Edgar Cayce – The Sleeping Prophet

Edgar Cayce (March 18, 1877 – January 3, 1945) (pronounced /ˈkeɪsiː/) was an American who claimed to be a psychic with the ability to channel answers to questions on subjects such as health or Atlantis while in a self-induced trance. Though Cayce considered himself a devout Christian and lived before the emergence of the New Age Movement, some believe he was the founder of the movement and influenced its teachings.[1]

Cayce became a celebrity toward the end of his life and the publicity given to his prophecies has overshadowed what to him were usually considered the more important parts of his work, such as healing (the vast majority of his readings were given for people who were sick) and theology (Cayce was a lifelong, devout member of the Disciples of Christ). Skeptics[2] challenge the statement that Cayce demonstrated psychic abilities, and traditional Christians also question his unorthodox answers on religious matters (such as reincarnation and Akashic records).

Today there are thousands of Cayce students and more than 300 books written about Edgar Cayce. Members of Cayce’s organization, the Association for Research and Enlightenment (A.R.E.) exist worldwide and Edgar Cayce Centers are found in more than 35 countries.

Claimed psychic abilities

Edgar Cayce has variously been referred to as a “prophet” (cf. Jess Stearn‘s book, The Sleeping Prophet), a “mystic“, a “seer”, and a “clairvoyant“.

Cayce’s methods involved lying down and entering into what appeared to be a trance or sleep state, usually at the request of a subject who was seeking help with health or other personal problems (subjects were not usually present). The subject’s questions would then be given to Cayce, and Cayce would proceed with a reading. At first these readings dealt primarily with the physical health of the individual (physical readings); later readings on past lives, business advice, dream interpretation, and mental or spiritual health were also given.

Until September 1923, they were not systematically preserved. However, an October 10, 1922, Birmingham (Alabama) Age-Herald article quotes Cayce as saying that he had given 8,056 readings as of that date, and it is known that he gave approximately 13,000-14,000 readings after that date. Today, only about 14,000 are available at Cayce headquarters and on-line. Thus, it appears that about 7,000-8,000 Cayce readings are missing.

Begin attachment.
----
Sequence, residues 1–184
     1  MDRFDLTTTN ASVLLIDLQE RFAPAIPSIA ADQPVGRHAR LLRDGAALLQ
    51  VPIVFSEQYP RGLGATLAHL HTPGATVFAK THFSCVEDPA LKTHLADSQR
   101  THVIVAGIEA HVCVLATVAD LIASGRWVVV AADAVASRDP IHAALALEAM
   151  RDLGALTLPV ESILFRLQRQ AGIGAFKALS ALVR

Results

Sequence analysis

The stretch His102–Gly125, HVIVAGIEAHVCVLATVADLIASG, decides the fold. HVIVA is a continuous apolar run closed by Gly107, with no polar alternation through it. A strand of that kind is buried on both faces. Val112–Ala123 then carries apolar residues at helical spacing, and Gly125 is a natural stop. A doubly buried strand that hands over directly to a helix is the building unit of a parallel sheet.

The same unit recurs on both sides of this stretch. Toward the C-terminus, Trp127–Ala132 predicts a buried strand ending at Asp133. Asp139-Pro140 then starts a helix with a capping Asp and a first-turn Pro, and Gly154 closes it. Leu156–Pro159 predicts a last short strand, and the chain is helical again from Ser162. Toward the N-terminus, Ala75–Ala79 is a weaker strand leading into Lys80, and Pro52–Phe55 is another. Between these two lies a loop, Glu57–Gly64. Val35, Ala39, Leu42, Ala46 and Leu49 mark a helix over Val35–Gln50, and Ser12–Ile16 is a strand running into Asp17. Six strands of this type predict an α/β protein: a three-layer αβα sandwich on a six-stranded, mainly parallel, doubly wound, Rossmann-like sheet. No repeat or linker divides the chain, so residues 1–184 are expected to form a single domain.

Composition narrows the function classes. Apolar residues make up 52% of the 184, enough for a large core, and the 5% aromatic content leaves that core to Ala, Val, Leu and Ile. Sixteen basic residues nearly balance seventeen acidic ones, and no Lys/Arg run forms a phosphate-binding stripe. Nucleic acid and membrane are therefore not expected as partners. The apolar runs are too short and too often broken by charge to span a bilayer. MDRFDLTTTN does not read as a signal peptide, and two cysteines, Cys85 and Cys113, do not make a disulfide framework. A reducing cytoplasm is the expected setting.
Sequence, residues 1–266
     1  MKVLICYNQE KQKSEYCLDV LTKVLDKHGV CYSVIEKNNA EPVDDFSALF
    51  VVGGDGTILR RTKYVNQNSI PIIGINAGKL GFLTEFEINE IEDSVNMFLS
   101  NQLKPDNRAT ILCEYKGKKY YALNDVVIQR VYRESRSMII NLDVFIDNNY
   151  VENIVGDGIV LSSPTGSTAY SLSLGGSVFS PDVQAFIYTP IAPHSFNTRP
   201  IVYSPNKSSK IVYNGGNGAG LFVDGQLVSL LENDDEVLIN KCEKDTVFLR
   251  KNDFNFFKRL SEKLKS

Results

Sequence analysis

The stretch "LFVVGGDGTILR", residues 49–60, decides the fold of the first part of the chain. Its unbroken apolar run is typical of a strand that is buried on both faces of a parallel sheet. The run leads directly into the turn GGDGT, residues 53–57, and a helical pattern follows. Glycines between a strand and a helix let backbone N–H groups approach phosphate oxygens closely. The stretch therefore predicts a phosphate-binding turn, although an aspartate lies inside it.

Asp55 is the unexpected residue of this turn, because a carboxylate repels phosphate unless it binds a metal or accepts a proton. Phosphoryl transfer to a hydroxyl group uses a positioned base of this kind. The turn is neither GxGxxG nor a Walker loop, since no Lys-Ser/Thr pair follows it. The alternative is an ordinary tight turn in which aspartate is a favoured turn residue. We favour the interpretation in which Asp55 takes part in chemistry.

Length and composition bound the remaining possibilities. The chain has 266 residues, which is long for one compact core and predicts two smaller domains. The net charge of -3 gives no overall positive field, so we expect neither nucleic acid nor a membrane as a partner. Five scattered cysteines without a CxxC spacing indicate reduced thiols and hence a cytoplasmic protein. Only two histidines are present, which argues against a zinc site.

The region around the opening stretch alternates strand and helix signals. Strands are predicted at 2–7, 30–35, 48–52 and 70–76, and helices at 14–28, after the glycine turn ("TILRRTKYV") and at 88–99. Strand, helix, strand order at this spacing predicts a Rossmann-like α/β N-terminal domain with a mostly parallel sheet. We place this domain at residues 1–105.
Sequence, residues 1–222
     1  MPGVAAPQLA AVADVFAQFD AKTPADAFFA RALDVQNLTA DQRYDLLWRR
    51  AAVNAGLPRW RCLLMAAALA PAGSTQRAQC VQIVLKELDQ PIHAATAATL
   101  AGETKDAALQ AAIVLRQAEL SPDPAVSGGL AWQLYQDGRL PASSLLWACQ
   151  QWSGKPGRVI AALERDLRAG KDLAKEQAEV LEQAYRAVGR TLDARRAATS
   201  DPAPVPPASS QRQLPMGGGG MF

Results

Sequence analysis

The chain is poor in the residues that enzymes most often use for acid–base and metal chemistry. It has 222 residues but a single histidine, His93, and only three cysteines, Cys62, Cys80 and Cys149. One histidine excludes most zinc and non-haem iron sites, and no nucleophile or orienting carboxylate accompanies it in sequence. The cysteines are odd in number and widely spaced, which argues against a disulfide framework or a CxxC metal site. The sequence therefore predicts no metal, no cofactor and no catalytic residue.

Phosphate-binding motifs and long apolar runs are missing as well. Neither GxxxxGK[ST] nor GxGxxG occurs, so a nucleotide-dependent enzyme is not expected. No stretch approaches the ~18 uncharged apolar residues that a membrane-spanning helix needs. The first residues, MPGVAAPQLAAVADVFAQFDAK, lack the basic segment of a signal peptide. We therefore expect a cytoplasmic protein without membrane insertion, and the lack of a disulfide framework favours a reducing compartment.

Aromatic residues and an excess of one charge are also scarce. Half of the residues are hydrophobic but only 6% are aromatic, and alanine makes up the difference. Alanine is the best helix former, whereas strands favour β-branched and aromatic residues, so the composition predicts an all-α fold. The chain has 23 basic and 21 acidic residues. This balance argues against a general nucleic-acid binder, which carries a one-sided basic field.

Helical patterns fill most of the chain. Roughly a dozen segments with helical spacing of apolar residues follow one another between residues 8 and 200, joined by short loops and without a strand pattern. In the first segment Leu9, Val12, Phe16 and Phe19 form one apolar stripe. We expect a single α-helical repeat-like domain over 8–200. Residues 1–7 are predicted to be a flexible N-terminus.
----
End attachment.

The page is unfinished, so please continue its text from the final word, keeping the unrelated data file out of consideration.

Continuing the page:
When out of the trance he entered to perform a reading, Cayce said he generally did not remember what he had said during the reading. The unconscious mind, according to Cayce, has access to information which the conscious mind does not — a common assumption about hypnosis in Cayce’s time. After Gladys Davis became Cayce’s secretary on September 10, 1923, all readings were preserved and his wife Gertrude Evans Cayce generally conducted (guided) the readings.

Cayce said that his trance statements should be taken into account only to the extent that they led to a better life for the recipient. Moreover, he invited his audience to test his suggestions rather than accept them on faith.

Other abilities that have been attributed to Cayce include astral projection, prophesying, mediumship, viewing the Akashic Records or “Book of Life“, and seeing auras. Cayce said he became interested in learning more about these subjects after he was informed about the content of his readings, which he reported that he never actually heard himself.[21]

Major themes

The health readings are most numerous, and they involve many alternative health concepts and practices. Cayce described his work in terms of Christian service. People with esoteric interests have focused on a somewhat different set of topics.

  • Origin and destiny of humanity: “All souls were created in the beginning, and are finding their way back to whence they came.” [Reading 3744-5] The Cayce readings could be interpreted as saying that human souls were created with a consciousness of their oneness with God. Some “fell” from this state; others—led by the Jesus soul—volunteered to save them. The Earth, with all its limitations, was created as a suitable arena for spiritual growth. It could also be interpreted as saying that all beings are born and all will eventually die.